“Exploitative practices such as underpayment of wages, irregular hours and poor working conditions were common”
What you need to know
- A new report says “serious violations” of labor law have been uncovered at a Wistron iPhone factory in India.
- The Factory was the scene of a riot last week over allegations of unpaid wages.
- A trade union body in the country has previously stated that authorities turned a blind eye to “all violations.”
A new report says “serious violations of labor laws” have been uncovered at a Wistron iPhone plant where a riot broke out last week.
Serious violations of labour laws were taking place at the iPhone manufacturing facility in India where a workers’ protest on Saturday turned violent and caused US$7 million worth of damage, a report by the Karnataka state government has found.
Exploitative practices such as underpayment of wages, irregular hours and poor working conditions were common at the Wistron Corporation assembling and manufacturing unit in the southern Indian state of Karnataka, as detailed by its Department of Factories, Boilers, Industrial Safety and Health.
This Week in Asia has seen a copy of the report, an internal document detailing preliminary investigations into the incident from the department, which is tasked with enforcing labour-related legislation to ensure workers’ safety.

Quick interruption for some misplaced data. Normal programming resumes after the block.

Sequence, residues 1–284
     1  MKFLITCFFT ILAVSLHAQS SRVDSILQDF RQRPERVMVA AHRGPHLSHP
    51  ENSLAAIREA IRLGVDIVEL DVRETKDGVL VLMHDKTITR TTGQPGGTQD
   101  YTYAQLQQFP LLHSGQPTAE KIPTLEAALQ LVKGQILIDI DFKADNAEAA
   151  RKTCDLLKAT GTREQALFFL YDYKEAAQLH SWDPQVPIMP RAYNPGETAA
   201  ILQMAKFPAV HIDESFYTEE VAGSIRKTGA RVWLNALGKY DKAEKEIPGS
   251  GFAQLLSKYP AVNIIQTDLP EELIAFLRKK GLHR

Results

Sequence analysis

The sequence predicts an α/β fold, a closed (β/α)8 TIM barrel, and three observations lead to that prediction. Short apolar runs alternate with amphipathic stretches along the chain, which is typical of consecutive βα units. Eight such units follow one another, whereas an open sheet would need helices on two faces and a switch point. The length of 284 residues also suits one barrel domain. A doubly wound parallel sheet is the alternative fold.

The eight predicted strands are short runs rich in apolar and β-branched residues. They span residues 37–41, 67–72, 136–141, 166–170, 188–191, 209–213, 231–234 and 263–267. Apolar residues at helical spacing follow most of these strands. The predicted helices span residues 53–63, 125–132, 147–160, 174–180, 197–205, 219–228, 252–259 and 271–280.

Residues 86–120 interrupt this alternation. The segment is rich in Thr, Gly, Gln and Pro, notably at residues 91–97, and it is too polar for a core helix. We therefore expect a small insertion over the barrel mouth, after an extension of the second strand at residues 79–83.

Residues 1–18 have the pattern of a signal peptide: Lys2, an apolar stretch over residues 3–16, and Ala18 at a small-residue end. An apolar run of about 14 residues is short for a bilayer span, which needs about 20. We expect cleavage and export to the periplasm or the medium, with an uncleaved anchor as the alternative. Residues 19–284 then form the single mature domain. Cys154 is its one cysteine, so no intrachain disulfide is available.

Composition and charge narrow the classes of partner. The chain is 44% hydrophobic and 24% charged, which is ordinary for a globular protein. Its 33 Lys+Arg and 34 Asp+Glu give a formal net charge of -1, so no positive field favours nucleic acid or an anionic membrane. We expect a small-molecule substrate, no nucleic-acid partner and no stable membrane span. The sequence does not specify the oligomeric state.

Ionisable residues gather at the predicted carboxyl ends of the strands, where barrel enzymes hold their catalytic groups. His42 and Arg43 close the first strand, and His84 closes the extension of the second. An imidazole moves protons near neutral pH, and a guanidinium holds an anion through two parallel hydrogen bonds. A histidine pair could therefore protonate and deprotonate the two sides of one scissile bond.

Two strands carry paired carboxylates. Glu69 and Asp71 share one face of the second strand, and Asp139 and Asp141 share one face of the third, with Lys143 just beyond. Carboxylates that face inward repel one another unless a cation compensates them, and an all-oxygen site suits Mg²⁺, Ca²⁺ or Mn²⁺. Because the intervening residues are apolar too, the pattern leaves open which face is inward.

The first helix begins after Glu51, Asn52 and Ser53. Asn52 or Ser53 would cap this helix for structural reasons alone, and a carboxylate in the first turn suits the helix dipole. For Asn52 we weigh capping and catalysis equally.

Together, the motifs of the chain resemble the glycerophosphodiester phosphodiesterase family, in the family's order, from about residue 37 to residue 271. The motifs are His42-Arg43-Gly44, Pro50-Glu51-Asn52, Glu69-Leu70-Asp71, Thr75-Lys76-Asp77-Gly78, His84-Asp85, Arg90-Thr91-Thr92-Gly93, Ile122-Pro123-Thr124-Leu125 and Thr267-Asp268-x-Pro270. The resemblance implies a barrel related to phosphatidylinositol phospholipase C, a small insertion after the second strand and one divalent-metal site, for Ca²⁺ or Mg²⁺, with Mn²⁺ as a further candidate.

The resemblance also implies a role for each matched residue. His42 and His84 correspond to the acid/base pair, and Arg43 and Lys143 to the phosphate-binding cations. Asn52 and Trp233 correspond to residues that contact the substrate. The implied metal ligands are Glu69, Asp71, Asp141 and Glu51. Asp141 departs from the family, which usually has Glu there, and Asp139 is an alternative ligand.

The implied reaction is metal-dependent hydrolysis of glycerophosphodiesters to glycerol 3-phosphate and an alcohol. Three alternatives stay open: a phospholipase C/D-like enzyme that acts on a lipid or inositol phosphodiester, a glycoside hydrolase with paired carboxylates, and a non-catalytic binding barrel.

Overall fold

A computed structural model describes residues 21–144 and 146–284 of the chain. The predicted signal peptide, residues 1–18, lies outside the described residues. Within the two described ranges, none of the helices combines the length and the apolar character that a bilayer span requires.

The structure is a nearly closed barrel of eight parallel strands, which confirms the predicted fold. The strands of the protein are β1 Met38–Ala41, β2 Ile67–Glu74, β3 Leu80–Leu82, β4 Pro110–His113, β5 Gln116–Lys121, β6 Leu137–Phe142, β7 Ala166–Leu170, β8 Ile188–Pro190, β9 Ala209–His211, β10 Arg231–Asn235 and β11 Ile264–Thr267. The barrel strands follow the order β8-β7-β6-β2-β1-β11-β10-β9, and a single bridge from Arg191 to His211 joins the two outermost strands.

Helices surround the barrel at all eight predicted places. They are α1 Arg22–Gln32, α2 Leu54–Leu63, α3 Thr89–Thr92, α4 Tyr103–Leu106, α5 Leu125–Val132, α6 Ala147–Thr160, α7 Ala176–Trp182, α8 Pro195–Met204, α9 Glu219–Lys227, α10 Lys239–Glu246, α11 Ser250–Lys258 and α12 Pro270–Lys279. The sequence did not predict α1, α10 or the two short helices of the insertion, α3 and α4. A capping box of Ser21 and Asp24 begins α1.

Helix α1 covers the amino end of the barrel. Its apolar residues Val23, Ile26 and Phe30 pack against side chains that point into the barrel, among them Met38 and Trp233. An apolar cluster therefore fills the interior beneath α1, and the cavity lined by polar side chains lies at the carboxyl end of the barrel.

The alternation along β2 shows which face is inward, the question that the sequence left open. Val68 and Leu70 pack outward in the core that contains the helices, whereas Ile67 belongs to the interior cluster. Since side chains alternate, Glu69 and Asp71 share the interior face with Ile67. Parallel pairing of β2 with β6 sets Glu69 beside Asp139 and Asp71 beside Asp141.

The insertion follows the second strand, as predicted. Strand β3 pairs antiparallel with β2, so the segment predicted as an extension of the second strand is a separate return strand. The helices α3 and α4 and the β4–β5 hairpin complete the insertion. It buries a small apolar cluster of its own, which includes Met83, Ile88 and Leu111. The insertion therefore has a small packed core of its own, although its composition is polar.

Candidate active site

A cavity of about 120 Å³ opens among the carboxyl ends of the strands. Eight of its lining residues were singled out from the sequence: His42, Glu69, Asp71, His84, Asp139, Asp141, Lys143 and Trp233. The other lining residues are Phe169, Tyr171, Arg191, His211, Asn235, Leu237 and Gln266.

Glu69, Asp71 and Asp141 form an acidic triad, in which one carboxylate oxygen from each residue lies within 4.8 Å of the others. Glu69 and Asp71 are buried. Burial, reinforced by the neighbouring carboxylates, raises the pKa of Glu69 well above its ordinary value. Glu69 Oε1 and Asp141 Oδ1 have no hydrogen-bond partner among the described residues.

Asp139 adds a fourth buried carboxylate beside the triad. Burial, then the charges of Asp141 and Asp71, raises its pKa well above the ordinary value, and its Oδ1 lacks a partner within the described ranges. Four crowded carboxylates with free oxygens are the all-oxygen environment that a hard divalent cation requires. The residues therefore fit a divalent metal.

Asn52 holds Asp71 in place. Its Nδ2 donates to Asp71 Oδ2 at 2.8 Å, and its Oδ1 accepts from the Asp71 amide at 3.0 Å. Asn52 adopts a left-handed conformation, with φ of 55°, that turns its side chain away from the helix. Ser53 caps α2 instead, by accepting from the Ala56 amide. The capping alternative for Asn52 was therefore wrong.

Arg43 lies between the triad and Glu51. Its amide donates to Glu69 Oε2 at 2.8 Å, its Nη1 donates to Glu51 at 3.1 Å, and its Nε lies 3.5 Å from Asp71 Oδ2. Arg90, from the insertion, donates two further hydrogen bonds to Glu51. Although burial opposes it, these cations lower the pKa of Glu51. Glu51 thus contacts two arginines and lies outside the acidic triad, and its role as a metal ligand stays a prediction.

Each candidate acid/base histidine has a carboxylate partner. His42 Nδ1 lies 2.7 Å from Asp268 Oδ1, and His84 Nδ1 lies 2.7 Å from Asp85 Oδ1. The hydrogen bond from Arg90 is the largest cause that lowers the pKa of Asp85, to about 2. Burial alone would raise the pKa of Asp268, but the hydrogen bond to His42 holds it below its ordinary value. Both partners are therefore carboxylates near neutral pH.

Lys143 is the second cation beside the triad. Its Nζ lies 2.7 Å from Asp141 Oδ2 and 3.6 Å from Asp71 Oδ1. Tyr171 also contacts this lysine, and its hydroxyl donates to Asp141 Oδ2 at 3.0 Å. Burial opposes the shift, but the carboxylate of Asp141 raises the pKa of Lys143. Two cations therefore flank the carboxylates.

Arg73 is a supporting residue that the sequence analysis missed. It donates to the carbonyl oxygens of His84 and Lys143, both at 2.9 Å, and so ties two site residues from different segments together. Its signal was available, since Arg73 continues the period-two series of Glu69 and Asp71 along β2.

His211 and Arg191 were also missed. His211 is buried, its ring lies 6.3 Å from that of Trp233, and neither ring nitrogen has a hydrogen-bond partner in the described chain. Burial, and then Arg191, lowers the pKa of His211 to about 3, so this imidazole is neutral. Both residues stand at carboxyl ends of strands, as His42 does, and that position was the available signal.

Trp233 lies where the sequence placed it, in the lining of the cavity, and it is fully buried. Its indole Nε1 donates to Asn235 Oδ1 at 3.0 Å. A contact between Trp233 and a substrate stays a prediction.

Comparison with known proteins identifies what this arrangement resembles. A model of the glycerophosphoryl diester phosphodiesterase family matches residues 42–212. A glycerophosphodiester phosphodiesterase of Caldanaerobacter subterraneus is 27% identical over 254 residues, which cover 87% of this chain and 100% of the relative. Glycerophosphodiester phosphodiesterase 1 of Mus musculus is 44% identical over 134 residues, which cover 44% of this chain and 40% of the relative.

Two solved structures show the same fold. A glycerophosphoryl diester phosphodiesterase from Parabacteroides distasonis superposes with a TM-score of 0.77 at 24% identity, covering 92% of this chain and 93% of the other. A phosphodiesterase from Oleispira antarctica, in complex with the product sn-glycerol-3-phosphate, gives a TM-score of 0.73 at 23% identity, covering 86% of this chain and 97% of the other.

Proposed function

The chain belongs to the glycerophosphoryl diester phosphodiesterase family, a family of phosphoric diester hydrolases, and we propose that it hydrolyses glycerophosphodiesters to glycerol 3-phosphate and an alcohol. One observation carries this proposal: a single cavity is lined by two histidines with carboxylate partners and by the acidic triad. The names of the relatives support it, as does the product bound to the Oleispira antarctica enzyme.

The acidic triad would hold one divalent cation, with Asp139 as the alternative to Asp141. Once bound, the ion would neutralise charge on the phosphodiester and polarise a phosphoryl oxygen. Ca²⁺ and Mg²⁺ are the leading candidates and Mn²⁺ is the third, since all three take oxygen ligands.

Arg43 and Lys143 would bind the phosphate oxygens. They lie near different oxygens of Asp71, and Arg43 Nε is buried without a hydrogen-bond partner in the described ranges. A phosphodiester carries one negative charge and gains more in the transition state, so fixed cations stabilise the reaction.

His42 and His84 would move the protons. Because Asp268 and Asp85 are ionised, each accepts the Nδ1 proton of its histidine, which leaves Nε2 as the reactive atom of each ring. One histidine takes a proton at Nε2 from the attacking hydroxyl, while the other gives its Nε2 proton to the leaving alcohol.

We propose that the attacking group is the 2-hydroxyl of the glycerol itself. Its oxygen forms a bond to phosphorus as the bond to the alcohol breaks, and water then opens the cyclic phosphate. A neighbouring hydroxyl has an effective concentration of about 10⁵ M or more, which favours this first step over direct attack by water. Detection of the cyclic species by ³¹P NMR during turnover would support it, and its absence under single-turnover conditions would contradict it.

The report follows earlier reports this morning claiming a massive hiring spree may have caused unrest that sparked the riot, as the Wistron only had three HR staff to deal with an influx of thousands of employees. This new report seems to confirm this sentiment.
The report says that Wistron’s HR department had “poor knowledge of labor regulations” and “not enough personnel” to manage 10,500 employees including 8,500 contractors. A source told the outlet:
“It is fairly a new establishment which became operational only in September and because of that, the system may not be fully in place… But neither the management nor the workmen have ever approached the labour department before this issue … they could have taken guidance [before the crisis].”
A riot broke out at the factory Friday over reports workers had not been paid.